In The Studio

Since deciding that we’d do By Prescription Only, the Drugstore shorts and essay showcase, I’ve been wondering how I’ll manage to break from editing this novel, which I’ve been working on since globular clusters formed the Milky Way, to take time out to produce a short story, bearing in mind all the other stuff that’s going on in my life, such as paid work, for instance. Hunting through my digital scrapbook, I came across this interview with James Kelman published in The Guardian last summer. This paragraph caught my eye in particular.

“…Well I never sit down to write a book about something. No, no, I never do that. No. I have literally a couple of hundred pieces that I’m working on, so I never sit down with an idea. If you went into an artist’s studio, an ordinary painter – a visual artist – if you go into a studio, and I’m talking about a mature artist, then you will find that the work around will be work they began when they were 21, and here they are at 70. Any kind of mature artist who’s been working through it, and working late, then you will find that that is the case. And my work is like that…” – James Kelman interviewed in The Guardian, 2012.

The part that piqued my interest was the analogy with the ripened painter in their studio, waking up (hungover, no doubt), scratching mucus from their eyes while the percolator brewed bitter coffee, and then determining which 50-year-old WIP (watercolour in progress) they’d illustrate with aquarelle. On the surface, the comparison appears to leak; after all, a contemporary novel started in 1962 would be a historical novel upon completion in 2012. But details like that seem churlish and go against the spirit of his juxtaposition.

At its core, the idea implies continuity, the pursuit of an aesthetic over a lifetime, and the development and perfection of a single style. In reality, however, many writers mature in such a way that ideas that interested them as fledgling scribes would seem facile to their mature mind. In addition is the current trend of once-literary-fiction-writers ‘going genre’ as a response to market forces. Faced with that reality, ideas that may still interest a writer might remain undeveloped as they’re perceived commercially unviable.

Novels take a long time to get right, a laborious process honed through many drafts, so the notion of working on many projects at one time has an appeal as a means of keeping a fresh perspective. Working on simultaneous short stories and, perhaps, a novel, I can imagine, but juggling two full-length works with a few short stories tossed in would give me a headache. But then perhaps I’m just a poor multitasker.

I keep (what’s now grown into) a large database of ideas to develop, some no more than a sentence or an idea for a title, others a few pages of notes on plot, theme and characters. Occasionally I’ll revisit these folders while wondering what my next project will be, and in most cases the ideas just elicit a snort (although I never seem to delete them, however bad). Still, our forthcoming showcase will force another plate of fiction onto a pole for me to spin, and then (even if my novel is still unfinished) maybe it’ll be time to liberate an idea or two from their hard drive holding patterns. Who knows, it might be a lot more rewarding than the way that I’ve been working.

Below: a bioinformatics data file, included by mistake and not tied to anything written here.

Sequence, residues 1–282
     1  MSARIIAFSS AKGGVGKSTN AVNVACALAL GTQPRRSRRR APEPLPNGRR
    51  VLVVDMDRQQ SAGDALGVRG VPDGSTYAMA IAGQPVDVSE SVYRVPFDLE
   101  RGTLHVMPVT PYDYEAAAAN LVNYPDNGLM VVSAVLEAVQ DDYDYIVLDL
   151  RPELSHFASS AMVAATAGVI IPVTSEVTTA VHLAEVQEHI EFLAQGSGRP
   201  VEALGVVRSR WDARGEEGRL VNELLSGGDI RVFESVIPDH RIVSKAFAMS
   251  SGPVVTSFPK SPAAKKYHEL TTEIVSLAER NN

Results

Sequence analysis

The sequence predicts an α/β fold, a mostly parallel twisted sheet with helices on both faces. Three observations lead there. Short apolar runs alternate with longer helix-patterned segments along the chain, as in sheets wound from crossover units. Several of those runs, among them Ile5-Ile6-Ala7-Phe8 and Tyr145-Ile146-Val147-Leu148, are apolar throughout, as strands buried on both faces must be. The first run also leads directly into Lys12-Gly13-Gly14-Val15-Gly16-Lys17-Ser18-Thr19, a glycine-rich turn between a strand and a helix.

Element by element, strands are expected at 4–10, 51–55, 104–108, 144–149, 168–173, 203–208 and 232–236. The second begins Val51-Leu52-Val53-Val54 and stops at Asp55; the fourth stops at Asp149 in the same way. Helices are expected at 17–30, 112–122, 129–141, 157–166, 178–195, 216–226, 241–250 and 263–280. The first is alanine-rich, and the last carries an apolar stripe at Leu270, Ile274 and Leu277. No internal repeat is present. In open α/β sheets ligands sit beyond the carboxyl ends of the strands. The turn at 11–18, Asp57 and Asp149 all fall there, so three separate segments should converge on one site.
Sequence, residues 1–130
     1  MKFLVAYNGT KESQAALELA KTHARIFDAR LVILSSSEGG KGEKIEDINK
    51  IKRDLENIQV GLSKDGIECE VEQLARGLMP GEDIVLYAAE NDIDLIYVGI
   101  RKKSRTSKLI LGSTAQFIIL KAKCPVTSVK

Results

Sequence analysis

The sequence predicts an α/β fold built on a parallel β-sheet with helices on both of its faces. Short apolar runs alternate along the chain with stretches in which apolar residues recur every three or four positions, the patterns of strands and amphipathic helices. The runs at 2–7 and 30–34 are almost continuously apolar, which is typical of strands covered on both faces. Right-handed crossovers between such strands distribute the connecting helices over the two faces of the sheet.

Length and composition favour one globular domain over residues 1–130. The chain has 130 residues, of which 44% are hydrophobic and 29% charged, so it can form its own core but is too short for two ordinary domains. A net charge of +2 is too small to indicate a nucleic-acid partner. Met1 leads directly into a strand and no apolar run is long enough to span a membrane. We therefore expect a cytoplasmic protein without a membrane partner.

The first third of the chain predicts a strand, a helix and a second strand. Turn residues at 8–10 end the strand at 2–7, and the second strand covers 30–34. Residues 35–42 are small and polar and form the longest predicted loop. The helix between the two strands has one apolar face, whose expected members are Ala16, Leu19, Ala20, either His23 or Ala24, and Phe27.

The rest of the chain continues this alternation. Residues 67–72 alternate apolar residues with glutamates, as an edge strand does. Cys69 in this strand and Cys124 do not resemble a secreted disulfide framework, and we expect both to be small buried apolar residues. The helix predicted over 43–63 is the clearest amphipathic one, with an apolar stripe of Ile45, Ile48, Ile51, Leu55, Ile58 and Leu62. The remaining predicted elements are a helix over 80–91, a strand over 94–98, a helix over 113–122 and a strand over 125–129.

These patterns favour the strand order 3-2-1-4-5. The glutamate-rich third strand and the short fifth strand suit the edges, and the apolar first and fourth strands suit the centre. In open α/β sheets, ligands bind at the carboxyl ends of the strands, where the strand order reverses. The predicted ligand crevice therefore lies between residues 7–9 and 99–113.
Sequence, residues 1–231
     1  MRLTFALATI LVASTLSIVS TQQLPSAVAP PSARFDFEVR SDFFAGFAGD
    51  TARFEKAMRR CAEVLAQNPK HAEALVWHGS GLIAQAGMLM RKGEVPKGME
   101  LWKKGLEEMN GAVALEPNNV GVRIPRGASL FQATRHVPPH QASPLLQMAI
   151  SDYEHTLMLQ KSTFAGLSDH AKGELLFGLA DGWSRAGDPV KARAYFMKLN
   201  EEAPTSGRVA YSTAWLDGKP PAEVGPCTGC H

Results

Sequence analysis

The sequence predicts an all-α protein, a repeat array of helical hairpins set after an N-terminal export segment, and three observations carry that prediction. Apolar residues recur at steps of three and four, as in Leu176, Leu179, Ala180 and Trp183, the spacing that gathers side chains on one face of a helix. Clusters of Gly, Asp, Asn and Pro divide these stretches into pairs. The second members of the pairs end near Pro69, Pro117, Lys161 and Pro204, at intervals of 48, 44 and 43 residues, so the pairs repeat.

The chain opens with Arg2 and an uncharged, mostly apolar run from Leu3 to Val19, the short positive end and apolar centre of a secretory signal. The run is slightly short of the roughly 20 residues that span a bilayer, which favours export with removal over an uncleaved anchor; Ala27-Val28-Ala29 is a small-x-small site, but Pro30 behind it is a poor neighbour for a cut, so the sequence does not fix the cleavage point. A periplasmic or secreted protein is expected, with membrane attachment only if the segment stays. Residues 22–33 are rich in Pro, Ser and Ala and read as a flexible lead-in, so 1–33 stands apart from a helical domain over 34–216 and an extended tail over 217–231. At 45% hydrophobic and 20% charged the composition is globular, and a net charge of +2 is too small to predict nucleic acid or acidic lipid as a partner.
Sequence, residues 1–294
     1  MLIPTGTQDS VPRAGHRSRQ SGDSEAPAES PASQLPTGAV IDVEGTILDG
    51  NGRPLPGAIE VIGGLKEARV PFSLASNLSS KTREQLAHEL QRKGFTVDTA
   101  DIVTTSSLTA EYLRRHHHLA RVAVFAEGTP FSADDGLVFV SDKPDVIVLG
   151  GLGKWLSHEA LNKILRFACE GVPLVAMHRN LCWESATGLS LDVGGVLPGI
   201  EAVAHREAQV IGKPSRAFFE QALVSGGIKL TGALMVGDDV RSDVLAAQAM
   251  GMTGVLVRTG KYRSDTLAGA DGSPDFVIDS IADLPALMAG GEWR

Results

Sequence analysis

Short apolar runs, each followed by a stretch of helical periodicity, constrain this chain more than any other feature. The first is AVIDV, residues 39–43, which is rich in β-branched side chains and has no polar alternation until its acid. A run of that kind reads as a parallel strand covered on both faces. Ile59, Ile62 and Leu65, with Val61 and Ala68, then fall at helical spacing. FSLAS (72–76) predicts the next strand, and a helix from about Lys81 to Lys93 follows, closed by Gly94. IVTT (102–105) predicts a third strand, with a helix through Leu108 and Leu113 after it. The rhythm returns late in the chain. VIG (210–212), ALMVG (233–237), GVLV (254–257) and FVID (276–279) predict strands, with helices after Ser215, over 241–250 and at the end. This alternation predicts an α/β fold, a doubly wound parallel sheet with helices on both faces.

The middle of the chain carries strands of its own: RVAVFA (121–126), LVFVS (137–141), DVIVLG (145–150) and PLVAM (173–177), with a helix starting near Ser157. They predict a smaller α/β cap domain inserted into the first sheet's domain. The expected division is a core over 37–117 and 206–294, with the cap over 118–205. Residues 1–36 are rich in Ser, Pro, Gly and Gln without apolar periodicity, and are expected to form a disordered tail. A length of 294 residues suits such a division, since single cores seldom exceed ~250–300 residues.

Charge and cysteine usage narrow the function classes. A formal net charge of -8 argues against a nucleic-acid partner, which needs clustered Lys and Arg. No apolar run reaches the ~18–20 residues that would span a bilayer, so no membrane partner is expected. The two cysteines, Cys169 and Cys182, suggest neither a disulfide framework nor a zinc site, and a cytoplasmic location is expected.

Be sure to log on next week when Hamish Spiers will be here with a guest post.

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  1. Andrew Oberg
    Posted September 15, 2012 at 9:45 pm | Permalink

    The painter analogy is an intriguing one to be sure. Personally, I find it hard to break focus when I’m in the middle of a long project, and often wind up being obsessed to the point that I lose interest in everything else except my current WIP, however you want to define that acronym. ;) However, when I’m still in the pre-writing stages, I find that the future project will always be in the back of my mind, with ideas popping up and percolating away steadily until I sit down to begin. I suppose that with multiple projects going at once one would always find themselves in that state or a similar one. Maybe that’s what Kelman was describing?

  2. Paul j Rogers
    Posted September 15, 2012 at 11:43 pm | Permalink

    Yes, the begining of a project is an exciting time. Being constantly in that state of mind with at least one project has advantages. Actually finishing stuff strikes me as a struggle with this approach though…

  3. Posted November 5, 2012 at 4:03 pm | Permalink

    I’m the same way. It can be very frustrating finishing a long WIP as characters and plot ideas take shape in the back of your mind. I’ve been carrying a novel idea around in my head for the last two years. It’s good to know it is there and that I will (eventually) get to it. The downside, for me at least, is that I’m fairly confident that as soon as it becomes a WIP the same thing will happen again. In some ways it can be exciting but there is always half a focus on future projects.

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